NICHHD


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National Institute of Child Health and Human Development

 (NICHD)
an institute of the national institutes of health; it conducts research on fertility, pregnancy, growth, development, and medical rehabilitation, striving to ensure that every child is born healthy and wanted and grows up free from disease and disability.

NICHHD

National Institute of Child Health and Human Development.
References in periodicals archive ?
Phonics instruction has been shown to be beneficial to all students, but with stronger effects for students from low socioeconomic backgrounds (NICHHD, 2000) and children who begin school with low levels of phonological awareness and pre-literacy skills, who are disproportionately from low socioeconomic backgrounds (Footman, Francis, Fletcher, Schatschneider, & Mehta, 1998; Savage, Carless, & Erten, 2009; Sonnenschein, Stapleton, & Benson, 2010; Xue & Meisels, 2004).
Phase II clinical trials are being coordinated by NICHHD and the World Health Organization in Geneva, Switzerland.
Parer found "not a good correlation" between his five-tier system and the NICHHD three-tier system, he said.
The most common federal funding sources among the published family medicine studies were the Public Health Service (18.9%) and the Department of Health and Human Services (18.9%); for general internal medicine research, the Agency for Health Care Policy and Research or its forerunner, the National Center for Health Services Research and Health Care Technology Assessment (16.7%); in obstetrics and gynecology, the National Institutes of Health (46.1%); and in pediatrics, the National Institute of Child Health and Human Development (NICHHD) (25.5%).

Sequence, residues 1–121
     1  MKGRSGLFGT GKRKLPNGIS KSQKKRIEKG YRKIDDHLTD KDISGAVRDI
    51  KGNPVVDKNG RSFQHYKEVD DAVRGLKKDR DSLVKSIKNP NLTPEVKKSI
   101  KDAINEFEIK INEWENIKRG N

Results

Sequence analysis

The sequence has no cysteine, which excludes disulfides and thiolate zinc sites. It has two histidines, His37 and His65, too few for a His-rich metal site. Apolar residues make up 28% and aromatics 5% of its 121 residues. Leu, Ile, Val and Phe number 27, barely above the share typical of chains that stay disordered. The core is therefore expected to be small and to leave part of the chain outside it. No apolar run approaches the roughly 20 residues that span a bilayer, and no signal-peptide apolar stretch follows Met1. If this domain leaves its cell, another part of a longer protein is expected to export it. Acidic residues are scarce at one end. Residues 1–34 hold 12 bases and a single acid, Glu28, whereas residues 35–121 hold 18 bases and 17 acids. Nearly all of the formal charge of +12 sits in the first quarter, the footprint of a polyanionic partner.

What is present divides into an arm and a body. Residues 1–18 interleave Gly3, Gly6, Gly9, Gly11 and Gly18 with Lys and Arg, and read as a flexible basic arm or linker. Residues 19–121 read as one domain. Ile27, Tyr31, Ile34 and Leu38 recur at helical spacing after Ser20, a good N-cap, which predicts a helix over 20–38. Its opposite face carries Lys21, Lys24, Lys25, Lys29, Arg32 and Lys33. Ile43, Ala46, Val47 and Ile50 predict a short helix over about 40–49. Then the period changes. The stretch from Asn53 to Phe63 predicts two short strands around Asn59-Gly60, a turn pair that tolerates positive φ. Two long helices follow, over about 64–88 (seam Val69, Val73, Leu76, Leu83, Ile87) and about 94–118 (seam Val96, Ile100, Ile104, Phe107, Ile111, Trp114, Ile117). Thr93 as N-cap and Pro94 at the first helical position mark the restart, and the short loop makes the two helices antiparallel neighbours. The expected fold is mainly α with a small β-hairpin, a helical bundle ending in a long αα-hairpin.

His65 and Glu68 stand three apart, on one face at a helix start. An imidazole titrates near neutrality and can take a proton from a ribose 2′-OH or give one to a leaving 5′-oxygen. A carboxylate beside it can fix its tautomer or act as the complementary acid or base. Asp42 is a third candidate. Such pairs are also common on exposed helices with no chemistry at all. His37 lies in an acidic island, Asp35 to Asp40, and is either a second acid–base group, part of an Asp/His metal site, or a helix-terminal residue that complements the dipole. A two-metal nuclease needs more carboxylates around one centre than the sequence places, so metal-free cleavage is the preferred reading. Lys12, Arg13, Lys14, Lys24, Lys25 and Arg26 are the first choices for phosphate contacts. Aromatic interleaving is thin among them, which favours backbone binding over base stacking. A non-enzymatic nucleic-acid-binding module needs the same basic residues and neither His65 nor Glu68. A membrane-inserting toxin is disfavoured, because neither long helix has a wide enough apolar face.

The NICHHD primary programs are "reproduction and population studies, perinatal biology and infant mortality, congenital defects, developmental biology and nutrition, human learning and behavior, and mental [retardation,".sup.36(p 60)] and do not therefore favor pediatrics over obstetrics and gynecology or family medicine.
Scientists at NICHHD collaborated with others in Nepal, Sweden and France during a pilot study and a subsequent clinical trial of the NICHHD-developed vaccine.
One commonly examined strategy is repeated reading of passages (e.g., LeVasseur, Macaruso, & Shankweiler, 2008; Martens et al., 2007; Mercer, Campbell, Miller, Mercer, & Lane, 2000; NICHHD, 2000; Vandenberg, Boon, Fore, & Bender, 2008).
Results of most recent reviews or syntheses have suggested that repeated reading improves reading fluency with moderate to large effect sizes on nontransfer passages for students with and without disabilities (Chard, Vaughn, & Tyler, 2002; Meyer & Felton, 1999; Morgan & Sideridis, 2006; NICHHD, 2000; Therrien, 2004; Therrien, Wickstrom, & Jones, 2006; Wexler, Vaughn, Edmonds, & Reutebuch, 2008), but resulted in less robust effects on transfer passages (Ardoin, Eckert, & Cole, 2008; Therrien).
This was in support of National Research Council (NRC, 1998) and National Institute of Child Health and Human Development (NICHHD 2000) that also recommended such approach to reading instruction for students.
In any case, both ACOG and nursing organizations have adopted the NICHHD guidelines.
Student progress was measured, using the Dynamic Indicators of Basic Early Literacy (DIBELS) reading assessment (Good & Kaminski, 2003), which was designed to assess the five major skill areas in early reading identified by the National Reading Panel (NICHHD, 2000) and the National Research Panel (Snow et al., 1998) including phonemic awareness, phonics, vocabulary, fluency, and comprehension.
Read, who is a medical officer in the Pediatric, Adolescent, and Maternal AIDS Branch of the NICHHD, and her associates looked at the potential costs and outcomes of this strategy in the United States.